What does overdubbing mean in audio?
verb (used without object), o·ver·dubbed, o·ver·dub·bing. to add other recorded sound or music, as a supplementary instrumental or vocal track, to a taped musical track to complete or enhance a recording.
What is overdubbing used for?
Overdubbing (also known as layering) is a technique used in audio recording in which audio tracks that have been pre-recorded are then played back and monitored, while simultaneously recording new, doubled, or augmented tracks onto one or more available tracks of a digital audio workstation (DAW) or tape recorder.
What overdub means?
Definition of overdub (Entry 2 of 2) transitive verb. : to transfer (recorded sound) onto a recording that bears sound recorded earlier in order to produce a combined effect.
Is overdubbing same as double tracking?
Another classic technique in recording is called double tracking. It’s a type of overdubbing where the musicians layer additional takes of the same part on top of each other. The resulting sound is thicker and has a natural modulation effect from the small differences in pitch and timing.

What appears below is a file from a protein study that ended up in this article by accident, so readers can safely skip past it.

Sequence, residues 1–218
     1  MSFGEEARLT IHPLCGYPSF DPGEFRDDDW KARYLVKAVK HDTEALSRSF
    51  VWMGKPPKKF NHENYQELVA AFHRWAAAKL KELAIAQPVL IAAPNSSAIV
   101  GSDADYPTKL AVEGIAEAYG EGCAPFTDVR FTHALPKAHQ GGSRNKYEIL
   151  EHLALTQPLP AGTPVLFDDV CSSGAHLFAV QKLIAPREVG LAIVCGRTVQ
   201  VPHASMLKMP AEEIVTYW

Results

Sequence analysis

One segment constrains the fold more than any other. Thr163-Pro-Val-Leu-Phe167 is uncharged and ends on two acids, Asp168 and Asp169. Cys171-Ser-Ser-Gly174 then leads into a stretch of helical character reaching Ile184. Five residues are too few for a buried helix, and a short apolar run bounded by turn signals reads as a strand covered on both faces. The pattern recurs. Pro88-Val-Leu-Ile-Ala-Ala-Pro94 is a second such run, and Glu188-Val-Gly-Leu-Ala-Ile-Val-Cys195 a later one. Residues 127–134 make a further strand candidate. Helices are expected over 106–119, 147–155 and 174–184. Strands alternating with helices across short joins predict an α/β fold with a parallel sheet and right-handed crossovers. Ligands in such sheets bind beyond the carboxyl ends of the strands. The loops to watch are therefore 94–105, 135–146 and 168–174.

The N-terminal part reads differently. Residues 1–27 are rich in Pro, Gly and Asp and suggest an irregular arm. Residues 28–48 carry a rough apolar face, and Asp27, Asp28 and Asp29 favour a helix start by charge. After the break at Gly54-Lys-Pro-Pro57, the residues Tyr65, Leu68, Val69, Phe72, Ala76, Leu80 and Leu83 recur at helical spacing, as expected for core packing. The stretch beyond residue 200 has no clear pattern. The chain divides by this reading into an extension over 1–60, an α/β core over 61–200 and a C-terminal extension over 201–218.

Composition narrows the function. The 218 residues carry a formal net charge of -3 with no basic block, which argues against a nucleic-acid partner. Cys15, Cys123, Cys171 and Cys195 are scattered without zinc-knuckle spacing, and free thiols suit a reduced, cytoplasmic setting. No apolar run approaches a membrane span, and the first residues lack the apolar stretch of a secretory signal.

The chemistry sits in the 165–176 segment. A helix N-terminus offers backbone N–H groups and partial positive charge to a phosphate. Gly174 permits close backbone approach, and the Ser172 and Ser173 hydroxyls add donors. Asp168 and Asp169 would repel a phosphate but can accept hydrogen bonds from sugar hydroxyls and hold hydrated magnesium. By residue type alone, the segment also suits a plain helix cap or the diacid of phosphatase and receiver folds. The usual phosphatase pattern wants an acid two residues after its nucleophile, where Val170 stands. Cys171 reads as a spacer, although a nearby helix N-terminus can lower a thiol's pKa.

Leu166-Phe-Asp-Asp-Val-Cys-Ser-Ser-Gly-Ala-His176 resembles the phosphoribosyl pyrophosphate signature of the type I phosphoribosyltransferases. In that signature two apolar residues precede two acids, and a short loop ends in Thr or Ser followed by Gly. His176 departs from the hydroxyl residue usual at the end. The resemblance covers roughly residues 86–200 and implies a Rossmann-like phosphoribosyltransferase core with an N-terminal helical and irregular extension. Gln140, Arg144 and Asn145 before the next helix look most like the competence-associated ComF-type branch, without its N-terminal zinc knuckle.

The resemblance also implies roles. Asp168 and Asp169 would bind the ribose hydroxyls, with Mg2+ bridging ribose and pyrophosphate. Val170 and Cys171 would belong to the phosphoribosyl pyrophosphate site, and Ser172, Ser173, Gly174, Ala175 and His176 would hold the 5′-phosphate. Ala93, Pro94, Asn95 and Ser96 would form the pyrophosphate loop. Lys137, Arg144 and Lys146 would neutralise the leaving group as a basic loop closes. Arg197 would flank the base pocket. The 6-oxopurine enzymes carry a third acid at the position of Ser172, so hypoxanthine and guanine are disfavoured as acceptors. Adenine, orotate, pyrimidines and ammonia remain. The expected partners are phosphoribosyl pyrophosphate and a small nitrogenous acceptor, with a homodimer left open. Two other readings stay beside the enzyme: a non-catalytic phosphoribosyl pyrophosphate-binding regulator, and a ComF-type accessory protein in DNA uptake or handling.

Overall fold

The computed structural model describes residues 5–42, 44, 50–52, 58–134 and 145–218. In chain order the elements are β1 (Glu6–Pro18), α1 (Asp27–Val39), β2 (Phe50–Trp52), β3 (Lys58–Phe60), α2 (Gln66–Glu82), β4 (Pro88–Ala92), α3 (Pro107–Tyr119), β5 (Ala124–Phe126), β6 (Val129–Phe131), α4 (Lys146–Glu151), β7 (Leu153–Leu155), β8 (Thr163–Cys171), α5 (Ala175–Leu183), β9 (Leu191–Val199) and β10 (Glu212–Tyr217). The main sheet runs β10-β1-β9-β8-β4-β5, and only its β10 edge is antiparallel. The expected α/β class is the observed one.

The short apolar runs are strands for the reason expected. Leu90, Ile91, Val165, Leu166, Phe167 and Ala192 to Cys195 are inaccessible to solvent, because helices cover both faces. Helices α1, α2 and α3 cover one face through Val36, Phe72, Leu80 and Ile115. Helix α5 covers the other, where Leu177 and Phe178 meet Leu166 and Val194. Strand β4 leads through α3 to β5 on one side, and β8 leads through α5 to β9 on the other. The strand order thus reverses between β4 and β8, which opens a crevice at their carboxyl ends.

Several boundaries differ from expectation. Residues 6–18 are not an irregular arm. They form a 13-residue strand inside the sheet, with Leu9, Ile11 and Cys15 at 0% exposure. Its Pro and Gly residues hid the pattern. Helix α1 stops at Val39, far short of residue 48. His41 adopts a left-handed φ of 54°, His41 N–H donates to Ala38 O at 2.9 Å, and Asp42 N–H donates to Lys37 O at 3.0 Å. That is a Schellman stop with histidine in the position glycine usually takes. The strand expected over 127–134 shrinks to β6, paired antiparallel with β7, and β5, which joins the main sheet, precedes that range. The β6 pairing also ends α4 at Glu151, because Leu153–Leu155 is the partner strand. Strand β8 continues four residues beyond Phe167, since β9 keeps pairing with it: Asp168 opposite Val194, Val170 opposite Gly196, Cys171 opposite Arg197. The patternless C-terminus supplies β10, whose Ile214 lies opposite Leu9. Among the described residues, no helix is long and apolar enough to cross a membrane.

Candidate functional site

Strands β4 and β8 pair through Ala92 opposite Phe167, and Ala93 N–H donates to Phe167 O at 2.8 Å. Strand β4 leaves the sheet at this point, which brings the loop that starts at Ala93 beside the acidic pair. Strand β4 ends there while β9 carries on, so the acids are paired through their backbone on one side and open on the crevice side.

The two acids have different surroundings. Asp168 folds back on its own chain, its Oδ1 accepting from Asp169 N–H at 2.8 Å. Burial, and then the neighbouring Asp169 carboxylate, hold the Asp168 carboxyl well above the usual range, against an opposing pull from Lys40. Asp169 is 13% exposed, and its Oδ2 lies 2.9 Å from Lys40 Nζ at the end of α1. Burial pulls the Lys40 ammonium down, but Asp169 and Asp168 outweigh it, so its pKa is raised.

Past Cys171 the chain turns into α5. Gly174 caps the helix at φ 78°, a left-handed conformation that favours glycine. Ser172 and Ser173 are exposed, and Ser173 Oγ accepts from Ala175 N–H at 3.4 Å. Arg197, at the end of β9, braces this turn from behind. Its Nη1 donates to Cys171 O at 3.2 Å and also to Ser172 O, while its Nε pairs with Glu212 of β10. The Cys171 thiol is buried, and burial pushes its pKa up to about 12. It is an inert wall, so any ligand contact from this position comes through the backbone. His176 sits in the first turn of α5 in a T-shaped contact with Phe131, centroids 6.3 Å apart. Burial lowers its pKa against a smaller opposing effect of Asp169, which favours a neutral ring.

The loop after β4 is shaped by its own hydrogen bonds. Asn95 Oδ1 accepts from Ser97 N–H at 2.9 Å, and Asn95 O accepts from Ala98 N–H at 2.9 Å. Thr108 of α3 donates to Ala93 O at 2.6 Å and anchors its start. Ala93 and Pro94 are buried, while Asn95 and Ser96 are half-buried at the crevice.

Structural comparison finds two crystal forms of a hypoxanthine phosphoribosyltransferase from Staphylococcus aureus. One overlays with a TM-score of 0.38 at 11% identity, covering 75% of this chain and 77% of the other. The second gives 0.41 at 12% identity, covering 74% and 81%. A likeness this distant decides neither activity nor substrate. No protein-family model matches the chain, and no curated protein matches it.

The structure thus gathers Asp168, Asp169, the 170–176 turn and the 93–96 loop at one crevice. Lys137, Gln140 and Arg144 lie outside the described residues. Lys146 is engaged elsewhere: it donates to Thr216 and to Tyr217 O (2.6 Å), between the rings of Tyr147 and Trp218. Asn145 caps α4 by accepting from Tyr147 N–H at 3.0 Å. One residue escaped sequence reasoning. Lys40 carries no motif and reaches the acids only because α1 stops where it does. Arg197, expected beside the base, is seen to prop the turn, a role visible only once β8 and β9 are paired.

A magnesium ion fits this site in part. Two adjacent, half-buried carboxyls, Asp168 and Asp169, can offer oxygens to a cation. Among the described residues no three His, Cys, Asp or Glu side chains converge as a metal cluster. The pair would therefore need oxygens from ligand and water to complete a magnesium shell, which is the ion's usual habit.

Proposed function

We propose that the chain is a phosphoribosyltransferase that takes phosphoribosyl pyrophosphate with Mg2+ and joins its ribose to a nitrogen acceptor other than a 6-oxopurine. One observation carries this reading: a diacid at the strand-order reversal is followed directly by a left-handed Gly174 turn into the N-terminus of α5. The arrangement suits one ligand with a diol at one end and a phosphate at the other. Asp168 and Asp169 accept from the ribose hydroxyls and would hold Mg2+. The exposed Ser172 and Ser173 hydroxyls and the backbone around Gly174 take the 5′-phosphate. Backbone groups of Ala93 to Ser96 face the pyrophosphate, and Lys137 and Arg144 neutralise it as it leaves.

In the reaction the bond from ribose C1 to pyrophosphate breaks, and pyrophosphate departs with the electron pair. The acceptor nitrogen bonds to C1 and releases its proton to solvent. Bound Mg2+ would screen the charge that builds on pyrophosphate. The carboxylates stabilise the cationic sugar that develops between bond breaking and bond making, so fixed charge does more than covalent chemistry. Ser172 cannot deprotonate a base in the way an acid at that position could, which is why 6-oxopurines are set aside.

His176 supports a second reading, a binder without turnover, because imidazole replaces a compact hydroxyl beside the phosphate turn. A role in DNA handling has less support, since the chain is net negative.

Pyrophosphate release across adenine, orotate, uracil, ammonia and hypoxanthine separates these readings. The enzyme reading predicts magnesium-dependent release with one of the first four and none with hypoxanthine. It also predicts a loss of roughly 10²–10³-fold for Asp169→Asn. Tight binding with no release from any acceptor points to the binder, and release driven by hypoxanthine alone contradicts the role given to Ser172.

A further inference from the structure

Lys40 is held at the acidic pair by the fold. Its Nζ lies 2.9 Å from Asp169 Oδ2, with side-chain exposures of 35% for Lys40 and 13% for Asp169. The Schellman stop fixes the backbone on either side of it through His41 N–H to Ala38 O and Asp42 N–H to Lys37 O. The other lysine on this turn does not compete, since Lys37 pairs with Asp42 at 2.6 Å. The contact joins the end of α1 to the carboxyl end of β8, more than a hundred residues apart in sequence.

Should I always double track guitars?
As a general rule, you should not always automatically double-track guitars. You should double-track guitars when you want a guitar part to sound wide and fill the stereo space. This especially applies to rock music. Double tracking is most appropriate on rhythm guitars, much less on lead parts.
Should I double track clean guitars?
It depends on the song. It also depends on the guitar and sound you are looking for. When I record acoustic guitars I do two complete takes with same guitar then play with the pans. On some songs a wide pan works and on others a much closer spread works better.
What mic did the Beatles use?
The Beatles used a variety of microphones for live PA sound. Photos in the Shure archives show the Beatles using the Shure 545, the Shure 546, and the Shure 565. The same Shure models are also in photos from recording sessions.
What Reverb did the Beatles use?
In addition, in the same set, the Abbey Road Plates (a modified version of the EMT-140) and Abbey Road Chambers offer emulations of the two artificial reverb methods The Beatles were using in the ’60s. The most beautiful example of the use of chambers is in Lennon’s vocals throughout the song “A Day in the Life.”